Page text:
The first step in the construction of a model of the cortical surface is the selection of the brain region to be represented. This depends on the region studied, but also on the way the surface should be visualized: by flattening or inflation. Inflation allows for the representation of an entire hemisphere without cutting, but not all of that surface is visible at once. Flattening displays all of the model at once, but requires surface cuts if the intrinsic curvature of the surface is too strong, thus loosing in that case some of the connectivity information. In the context of studies pertaining to the retinotopic visual areas, we found it useful to model only part of the cortical surface situated in the occipital lobe. This allows us to completely


flatten this surface without the need for further cuts. The entire region under investigation can then be visualized simultaneously, while faithfully representing connectivity information throughout the surface.

[Figure 2 about here.]

The portion of the surface to be unfolded is defined manually for each of the two hemispheres from the segmented volume. It is delimited by two perpendicular planar cuts. One is made approximately parallel to, and just posteriorly-ventrally to, the parieto-occipital sulcus, and the other is approximately parallel to, and about 3 cm ventrally-anteriorly to, the calcarine sulcus (Fig. 2). Within the delim-ited region, a triangulated model of the interface between voxels labeled WM and GM is created using the marching cubes algorithm (Lorensen and Cline, 1987)2. Due to the post-processing steps applied to the segmented volume, this model ap-proximatively represents the center of the GM. Its nodes are initially positioned on a regular grid. The model is subsequently smoothed slightly by iteratively displacing each node a fraction of the distance to the mean position of its near-est neighbors. Ten iterations of smoothing are applied, displacing nodes at each iteration a tenth of the distance to the center of its neighbors.

The flattening algorithm employed is described elsewhere (Gu´erin-Dugu´e et al., 2000). Further details will be provided in a forthcoming paper. This al-gorithm is a modified version of a multidimensional scaling like alal-gorithm, called Curvilinear Components Analysis (Demartinez and Herault, 1997). Briefly, the approximate geodesic distances from each node to all its neighbors within a tenth order neighborhood are calculated. These distances provide information about the

2Slight modifications from the original algorithm were made to avoid holes in the surfaces


local structure of the surface. Information about the global structure is provided by ten “representative” nodes that are selected automatically using the K-means technique (MacQueen, 1967). These nodes serve as “anchors”. For each of the anchors, the distances to all the other nodes of the surface are determined using the Dijkstra algorithm (Dijkstra, 1959). This leads to a sparse distance matrix, which contains only about 2% of all the mutual distances between nodes. The unfolding is initialized by a projection of all nodes from their 3D positions to the plane formed by the two first principal components of their spatial distribution. The 2D node positions are then iteratively updated during 5000 iterations. Nodes are selected one at a time and all the neighbors of the node currently chosen are repositioned, according to the mismatch observed between the distances in the plane and the geodesic distances. At each iteration, each of the anchors is selected once, updating the global structure of the unfolded model, and a fixed number of “ordinary” nodes are selected randomly, refining the local structure. The global structure of the unfolded model settles rapidly. After 500 iterations, the anchors are dropped from the calculations, and node positions are only refined locally. The method proposed is computationally efficient mainly due to two aspects: first, the distance matrix is sparse and therefore only a fraction of the mutual distances needs to be calculated. And second, for each node selected during the unfolding process, the positions of all neighbors are updated. This contributes to a higher mobility of the nodes compared to an approach displacing only the selected node, like classical stochastic gradient descent techniques. As a result, the model con-verges rapidly toward a low-distortion representation of the unfolded surface, at the same time avoiding local minima that would lead to the surface being folded onto itself. The flattening produced is homeomorphic over the vast majority of the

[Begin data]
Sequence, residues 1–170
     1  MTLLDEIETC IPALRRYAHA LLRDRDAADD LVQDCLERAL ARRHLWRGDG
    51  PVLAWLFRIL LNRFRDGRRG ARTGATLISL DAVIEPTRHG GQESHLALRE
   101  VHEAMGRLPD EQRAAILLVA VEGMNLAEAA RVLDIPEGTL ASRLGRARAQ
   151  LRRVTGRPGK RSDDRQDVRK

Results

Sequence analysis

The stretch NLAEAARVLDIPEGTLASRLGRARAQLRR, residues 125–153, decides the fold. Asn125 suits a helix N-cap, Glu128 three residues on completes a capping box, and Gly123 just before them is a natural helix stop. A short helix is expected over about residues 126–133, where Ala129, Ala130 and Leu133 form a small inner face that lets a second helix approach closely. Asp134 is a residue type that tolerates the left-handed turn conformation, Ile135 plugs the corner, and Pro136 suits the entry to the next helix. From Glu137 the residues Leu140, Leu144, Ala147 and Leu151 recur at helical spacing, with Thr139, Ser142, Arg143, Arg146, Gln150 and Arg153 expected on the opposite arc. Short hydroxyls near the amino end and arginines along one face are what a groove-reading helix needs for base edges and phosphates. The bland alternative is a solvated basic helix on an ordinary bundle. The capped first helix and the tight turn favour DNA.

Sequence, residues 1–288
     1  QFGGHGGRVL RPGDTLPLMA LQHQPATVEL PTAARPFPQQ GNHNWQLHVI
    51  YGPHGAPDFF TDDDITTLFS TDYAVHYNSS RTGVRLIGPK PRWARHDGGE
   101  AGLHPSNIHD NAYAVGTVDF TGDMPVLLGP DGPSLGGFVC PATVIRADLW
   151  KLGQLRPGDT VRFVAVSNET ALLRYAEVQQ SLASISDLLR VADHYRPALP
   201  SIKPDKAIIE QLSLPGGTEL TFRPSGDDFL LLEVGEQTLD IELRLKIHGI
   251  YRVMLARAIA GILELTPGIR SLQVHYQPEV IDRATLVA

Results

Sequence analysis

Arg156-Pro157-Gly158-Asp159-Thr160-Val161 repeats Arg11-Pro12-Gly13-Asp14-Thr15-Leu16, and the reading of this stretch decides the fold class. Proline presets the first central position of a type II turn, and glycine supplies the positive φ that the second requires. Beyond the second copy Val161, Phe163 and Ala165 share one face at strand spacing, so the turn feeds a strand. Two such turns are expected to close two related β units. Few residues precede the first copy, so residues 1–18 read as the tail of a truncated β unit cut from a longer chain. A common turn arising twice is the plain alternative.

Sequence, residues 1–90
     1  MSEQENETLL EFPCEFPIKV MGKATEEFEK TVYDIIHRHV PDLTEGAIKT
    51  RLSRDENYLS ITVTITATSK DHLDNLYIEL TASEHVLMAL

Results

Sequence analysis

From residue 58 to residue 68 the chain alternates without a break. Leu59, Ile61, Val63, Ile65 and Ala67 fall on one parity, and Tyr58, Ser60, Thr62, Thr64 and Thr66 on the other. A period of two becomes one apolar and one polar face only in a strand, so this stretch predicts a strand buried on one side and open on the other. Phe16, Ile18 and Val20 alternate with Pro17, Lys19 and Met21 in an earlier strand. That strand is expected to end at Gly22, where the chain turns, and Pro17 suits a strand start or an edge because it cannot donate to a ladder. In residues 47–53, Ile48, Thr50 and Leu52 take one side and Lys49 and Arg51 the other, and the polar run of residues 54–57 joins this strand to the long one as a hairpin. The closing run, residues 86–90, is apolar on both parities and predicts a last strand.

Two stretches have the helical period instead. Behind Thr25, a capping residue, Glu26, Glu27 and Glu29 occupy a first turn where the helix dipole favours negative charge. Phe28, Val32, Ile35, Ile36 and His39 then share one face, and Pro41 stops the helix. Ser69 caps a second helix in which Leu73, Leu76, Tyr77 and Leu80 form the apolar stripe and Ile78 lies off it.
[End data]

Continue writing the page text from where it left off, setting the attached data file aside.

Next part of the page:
surface area.